Fashion East creates gloriously diverse picture

Fashion East creates gloriously diverse picture


Fashion East is a non-profit initiative set up by Lulu Kennedy and the old Truman Brewery in 2000 to support emerging british talent. The scheme has launched and nurtured designers through its womenswear and menswear counterpart ‘man’ including: JW Anderson, Kim Jones, Jonathan Saunders, Roksanda, Richard Nicoll, Martine Rose, Christopher Shannon, House Of Holland, Gareth Pugh, Simone Rocha, Marques’Almeida, Claire Barrow, Ryan Lo, Charles Jeffrey Loverboy, Ashley Williams, Gosha Rubchinskiy, Liam Hodges, Craig Green, Wales Bonner and more.  Topshop is fashion east’s headline sponsor. it is the single biggest supporter of young design talent in the industry and has sponsored fashion east since 2003. Greater London authority: Fashion East continues to receive invaluable financial support from the Mayor’s Office’s London fashion showcasing fund.


Despite all our desperate, eternal attempts to separate, contain and mend, categories always leak.”

Trinh T. Minh-ha, Woman, Native, Other: Writing Postcoloniality and Feminism

The Vietnamese word for “country” (Nước) also incidentally means “water”. In this land surrounded by water, swimming and drifting away becomes the norm.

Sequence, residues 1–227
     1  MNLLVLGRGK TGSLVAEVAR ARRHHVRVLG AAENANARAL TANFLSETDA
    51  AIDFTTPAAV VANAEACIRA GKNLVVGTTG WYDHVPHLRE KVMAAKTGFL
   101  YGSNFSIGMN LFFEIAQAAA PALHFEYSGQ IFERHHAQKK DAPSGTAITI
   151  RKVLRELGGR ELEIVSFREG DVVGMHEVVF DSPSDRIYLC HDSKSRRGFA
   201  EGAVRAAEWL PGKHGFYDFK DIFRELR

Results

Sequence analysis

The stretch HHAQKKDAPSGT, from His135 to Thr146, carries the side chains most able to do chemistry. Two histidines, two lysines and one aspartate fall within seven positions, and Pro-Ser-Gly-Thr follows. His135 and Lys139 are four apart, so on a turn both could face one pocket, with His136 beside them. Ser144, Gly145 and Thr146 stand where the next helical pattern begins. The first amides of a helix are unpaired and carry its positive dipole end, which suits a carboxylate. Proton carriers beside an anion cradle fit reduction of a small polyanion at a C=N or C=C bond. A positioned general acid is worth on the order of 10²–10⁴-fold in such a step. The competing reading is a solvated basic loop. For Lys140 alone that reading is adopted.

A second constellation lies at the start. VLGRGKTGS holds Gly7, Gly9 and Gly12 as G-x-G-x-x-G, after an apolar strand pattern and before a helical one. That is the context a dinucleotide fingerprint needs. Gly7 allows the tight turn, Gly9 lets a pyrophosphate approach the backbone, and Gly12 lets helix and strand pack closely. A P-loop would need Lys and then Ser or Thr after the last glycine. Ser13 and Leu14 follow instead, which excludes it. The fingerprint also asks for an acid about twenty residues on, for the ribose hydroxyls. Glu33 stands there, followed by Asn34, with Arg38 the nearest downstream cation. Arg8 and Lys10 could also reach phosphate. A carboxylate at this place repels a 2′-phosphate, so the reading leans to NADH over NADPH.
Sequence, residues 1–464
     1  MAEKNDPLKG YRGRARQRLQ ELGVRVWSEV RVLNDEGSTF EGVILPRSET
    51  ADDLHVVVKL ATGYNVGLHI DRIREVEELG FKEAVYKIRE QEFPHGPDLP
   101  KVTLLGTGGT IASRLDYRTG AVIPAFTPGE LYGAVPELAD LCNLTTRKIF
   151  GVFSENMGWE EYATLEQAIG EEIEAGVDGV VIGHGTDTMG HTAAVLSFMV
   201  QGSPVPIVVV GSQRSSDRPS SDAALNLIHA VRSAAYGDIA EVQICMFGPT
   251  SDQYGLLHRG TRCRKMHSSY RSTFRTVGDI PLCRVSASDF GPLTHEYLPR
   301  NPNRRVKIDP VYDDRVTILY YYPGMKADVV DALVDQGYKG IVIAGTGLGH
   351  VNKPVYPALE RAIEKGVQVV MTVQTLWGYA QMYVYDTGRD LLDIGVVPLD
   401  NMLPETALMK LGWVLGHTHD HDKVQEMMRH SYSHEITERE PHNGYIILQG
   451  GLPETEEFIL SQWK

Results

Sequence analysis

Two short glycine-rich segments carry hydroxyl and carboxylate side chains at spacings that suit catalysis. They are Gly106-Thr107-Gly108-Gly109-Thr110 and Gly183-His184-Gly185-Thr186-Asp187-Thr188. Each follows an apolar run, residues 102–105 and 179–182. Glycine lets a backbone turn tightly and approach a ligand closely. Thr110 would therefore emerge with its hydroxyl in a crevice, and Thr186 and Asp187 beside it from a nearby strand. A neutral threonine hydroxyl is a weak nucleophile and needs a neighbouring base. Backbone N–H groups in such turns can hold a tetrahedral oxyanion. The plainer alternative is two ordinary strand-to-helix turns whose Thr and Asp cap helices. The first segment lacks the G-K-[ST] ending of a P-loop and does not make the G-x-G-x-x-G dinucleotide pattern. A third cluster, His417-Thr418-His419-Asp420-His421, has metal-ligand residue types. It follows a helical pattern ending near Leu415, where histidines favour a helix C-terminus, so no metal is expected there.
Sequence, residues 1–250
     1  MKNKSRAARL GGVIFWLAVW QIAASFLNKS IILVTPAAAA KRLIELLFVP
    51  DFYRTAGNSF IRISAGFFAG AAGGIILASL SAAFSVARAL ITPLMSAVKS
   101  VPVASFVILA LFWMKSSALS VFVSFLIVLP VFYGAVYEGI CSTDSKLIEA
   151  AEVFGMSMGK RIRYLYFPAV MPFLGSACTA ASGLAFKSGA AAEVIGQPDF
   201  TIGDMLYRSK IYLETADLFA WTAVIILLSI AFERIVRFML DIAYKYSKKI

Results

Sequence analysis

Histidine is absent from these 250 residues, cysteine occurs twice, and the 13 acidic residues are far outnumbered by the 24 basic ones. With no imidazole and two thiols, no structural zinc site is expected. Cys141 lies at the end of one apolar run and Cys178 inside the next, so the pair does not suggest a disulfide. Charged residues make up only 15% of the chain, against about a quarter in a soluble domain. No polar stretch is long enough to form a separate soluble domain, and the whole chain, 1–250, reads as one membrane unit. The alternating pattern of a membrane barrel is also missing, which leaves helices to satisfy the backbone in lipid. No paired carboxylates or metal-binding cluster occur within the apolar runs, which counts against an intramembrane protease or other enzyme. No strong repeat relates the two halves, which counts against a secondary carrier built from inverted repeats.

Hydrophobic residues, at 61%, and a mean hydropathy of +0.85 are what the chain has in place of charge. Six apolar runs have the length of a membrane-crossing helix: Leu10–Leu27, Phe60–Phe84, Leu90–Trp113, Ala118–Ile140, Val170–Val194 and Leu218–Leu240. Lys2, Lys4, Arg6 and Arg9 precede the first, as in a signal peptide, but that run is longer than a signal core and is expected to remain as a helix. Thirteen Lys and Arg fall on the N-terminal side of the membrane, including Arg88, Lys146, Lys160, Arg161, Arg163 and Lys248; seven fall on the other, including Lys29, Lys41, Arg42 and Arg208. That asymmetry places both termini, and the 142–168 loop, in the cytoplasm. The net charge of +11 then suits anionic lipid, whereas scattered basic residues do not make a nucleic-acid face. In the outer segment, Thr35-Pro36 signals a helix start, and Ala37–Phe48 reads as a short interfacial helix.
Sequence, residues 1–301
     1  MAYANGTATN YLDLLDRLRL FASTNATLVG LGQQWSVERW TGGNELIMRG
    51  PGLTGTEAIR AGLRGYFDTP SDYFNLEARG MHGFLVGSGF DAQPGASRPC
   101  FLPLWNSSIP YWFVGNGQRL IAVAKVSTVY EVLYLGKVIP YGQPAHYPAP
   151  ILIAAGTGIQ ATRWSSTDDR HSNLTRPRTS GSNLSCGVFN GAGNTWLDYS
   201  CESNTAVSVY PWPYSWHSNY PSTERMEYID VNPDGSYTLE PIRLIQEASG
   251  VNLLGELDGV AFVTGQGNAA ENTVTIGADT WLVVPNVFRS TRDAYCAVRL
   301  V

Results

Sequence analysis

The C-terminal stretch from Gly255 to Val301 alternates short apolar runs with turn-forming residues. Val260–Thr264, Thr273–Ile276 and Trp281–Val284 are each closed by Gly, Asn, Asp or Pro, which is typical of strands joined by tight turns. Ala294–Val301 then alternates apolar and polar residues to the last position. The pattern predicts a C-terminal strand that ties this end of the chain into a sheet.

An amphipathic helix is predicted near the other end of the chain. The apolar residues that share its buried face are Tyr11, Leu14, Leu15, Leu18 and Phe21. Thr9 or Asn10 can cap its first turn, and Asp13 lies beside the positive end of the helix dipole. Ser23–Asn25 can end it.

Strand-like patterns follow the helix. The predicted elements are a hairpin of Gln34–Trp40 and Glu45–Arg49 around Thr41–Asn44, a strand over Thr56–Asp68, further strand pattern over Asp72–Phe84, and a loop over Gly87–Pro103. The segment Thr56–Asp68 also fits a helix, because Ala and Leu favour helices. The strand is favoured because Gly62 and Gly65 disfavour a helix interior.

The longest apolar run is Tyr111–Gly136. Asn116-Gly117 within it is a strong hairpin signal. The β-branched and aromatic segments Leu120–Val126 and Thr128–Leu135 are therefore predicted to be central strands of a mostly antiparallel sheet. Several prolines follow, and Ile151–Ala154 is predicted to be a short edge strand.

ASAI’s nomadic woman traverses these waters, in fluid motion, wearing her travels and trials. Picking up wellworn cloth wherever she goes, that provides her with protection and assimilation into her new surroundings. She sails away from the port in a fisherman’s tangle, trailing, spiralling with hand embroidered cover stitching, plasticised and formed into the checks and cable patterns of her destination. Waterproof. Life-proof. Tie dye emerges from the water like a weathered second skin. When she arrives, she dons a padded headscarf. Quilted skirts of patchwork reclaimed shearling are refined and hunted. Outerwear codes of waxed jacket and trench coats are adopted temporarily. Living through that Cotswolds country life. The recurring nunchuck framed handbags are a form of self defence. Silver spoons clamp the mouth. They’re a reflection of privilege – who is entitled, who isn’t? Chopsticks in the hair. Don’t stab your food with them. Mind your manners. But then there’s another ocean to cross. The vast Atlantic. Cowboys and showgirls come calling with their upturned cuff jeans and beaded trim. Other worlds, other beginnings. We’re all swimming upstream. “There is no catching, no pushing, no directing, no breaking through, no need for a linear progression which gives the comforting illusion that one knows where one goes. Time and space are not something entirely exterior to oneself, something that one has, keeps, saves, wastes, or loses.” ― Trinh T. Minh-ha



For Autumn/Winter 2018 Charlotte Knowles’s woman is shrouded in mystery, her guise is her weapon and with it she gets what she wants; enigmatically evolving with her environment from day to night. The duality in the definition of the word “chimera” is taken as a starting point – at once a mythological creature that is a hybrid amalgamation of other forms and also the idea of something that is impossible to achieve and perhaps just an illusion. Continuing to critically address the limitations of womenswear, stereotypical staples of luxury fashion are reinterpreted and reimagined with a rock ‘n’ roll edge and an ostentatious emphasis on cut, embellishment and print.